After spending the last four years researching the clearing custody and asset servicing marketplace, we see opportunities to provide a more holistic service offering to small and medium-size independent broker-dealers that will help improve the efficiency of their back office and enable advisors and brokers to successfully transition from a commission-based to a fee-based model.

We also believe that we can expand COR's revenue and profitability by providing more capital, enhancing their sales and marketing capabilities, and growing existing high-margin services such as securities and margin lending. We are evaluating opportunities to add new banking and non-banking services to COR's existing clients and expanding into adjacent markets such as RIA custody, securities-based lending, and robo-advisory services.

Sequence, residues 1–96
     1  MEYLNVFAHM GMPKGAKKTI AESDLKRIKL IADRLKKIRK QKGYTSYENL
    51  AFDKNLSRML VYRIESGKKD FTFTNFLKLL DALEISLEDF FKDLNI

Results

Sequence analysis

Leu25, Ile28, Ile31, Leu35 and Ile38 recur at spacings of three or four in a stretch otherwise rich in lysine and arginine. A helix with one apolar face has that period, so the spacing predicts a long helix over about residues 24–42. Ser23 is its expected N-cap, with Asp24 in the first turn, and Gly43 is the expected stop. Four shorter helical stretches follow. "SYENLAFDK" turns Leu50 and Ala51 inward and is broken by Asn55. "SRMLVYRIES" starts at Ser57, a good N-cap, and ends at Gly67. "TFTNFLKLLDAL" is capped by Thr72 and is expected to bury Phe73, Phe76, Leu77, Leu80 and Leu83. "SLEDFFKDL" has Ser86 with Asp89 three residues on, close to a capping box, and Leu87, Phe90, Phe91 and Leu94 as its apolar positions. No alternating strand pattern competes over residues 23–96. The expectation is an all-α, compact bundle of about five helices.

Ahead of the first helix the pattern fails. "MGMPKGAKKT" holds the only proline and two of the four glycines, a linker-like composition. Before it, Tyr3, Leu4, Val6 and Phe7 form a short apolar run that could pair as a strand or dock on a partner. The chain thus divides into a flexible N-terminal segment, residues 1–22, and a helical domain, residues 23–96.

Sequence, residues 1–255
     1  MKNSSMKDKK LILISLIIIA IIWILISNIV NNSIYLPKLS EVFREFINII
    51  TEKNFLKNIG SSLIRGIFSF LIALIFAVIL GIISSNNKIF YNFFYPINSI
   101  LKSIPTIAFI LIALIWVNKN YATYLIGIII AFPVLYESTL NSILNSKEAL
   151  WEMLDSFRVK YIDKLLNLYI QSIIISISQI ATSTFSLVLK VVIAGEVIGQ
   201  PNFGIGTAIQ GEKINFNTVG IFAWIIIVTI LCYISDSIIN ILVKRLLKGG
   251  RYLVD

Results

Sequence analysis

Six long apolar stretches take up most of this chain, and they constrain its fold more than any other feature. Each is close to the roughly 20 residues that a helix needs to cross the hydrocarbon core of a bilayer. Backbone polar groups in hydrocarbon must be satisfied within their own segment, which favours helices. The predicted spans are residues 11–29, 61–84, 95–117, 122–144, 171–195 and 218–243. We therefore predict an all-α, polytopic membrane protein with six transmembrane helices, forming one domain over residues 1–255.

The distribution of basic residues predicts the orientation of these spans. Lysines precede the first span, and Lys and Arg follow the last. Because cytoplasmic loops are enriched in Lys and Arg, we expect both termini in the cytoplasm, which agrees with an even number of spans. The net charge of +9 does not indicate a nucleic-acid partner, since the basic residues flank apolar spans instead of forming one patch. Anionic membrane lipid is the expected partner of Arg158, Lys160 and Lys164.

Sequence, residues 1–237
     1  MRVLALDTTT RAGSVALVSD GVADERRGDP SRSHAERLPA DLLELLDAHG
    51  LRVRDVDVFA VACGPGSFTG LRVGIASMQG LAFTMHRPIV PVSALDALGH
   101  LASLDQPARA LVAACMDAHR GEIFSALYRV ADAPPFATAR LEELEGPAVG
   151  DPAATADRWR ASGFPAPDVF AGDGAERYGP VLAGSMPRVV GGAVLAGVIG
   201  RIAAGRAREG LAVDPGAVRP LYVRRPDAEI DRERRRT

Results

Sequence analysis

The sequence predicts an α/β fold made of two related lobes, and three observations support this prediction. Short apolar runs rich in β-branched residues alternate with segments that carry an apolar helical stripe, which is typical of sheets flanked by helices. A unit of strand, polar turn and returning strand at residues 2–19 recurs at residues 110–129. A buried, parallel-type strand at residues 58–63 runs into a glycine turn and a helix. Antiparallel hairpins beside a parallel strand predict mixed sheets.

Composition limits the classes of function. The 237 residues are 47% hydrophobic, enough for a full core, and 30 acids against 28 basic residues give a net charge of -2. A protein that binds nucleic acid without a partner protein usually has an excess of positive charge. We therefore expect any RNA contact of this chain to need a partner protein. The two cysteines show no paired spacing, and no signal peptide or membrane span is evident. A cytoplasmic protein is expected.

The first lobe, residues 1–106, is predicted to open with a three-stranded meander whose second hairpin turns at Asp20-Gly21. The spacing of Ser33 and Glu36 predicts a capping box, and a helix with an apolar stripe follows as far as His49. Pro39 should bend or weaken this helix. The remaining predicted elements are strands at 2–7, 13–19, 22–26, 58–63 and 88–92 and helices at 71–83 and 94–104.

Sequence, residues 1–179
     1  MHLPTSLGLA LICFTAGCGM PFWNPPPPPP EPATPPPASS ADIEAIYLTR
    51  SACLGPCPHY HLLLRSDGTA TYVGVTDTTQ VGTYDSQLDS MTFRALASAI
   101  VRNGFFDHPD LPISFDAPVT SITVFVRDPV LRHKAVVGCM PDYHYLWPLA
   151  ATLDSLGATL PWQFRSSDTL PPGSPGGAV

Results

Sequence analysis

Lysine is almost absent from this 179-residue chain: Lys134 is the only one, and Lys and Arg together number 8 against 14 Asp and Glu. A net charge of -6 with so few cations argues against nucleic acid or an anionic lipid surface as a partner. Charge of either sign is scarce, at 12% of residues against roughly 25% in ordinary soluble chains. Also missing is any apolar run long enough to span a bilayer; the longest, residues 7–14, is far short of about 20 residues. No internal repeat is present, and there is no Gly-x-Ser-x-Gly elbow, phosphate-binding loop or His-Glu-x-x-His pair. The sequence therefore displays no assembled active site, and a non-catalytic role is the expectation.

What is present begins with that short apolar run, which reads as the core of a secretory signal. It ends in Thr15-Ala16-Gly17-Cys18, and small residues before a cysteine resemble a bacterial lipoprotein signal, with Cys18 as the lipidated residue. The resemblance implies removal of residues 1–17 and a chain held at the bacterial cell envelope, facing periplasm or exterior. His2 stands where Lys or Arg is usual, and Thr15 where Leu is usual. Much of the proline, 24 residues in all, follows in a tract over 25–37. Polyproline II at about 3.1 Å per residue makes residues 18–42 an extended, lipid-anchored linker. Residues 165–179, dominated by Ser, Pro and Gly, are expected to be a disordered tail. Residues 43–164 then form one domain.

Our projection that the COR acquisition will be accretive to earnings per share by approximately 6% in the 2020 fiscal year beginning July 1st of 2019 assumes no benefit from entering new markets and cost synergies or accelerated growth. The clearing business runs at a higher efficiency ratio than Axos Bank but is significantly more capital efficient.

For comparative purposes, COR generated approximately $47 million in revenue and $10.4 million of adjusted net income in the 12 months ended June 30th, 2018. COR had $22.5 million of operating expenses, excluding non-recurring legal and regulatory costs, which translated into an efficiency ratio of approximately 70%.

Given the capital-efficient nature of their clearing business, COR had a return on equity of approximately 40.5% for their Fiscal 2018. Starting in the quarter ended March 31st, 2019, we will provide consolidated and segment reporting for access and COR so that investors can better track the underlying financial metrics of Axos Financial's bank and securities segments.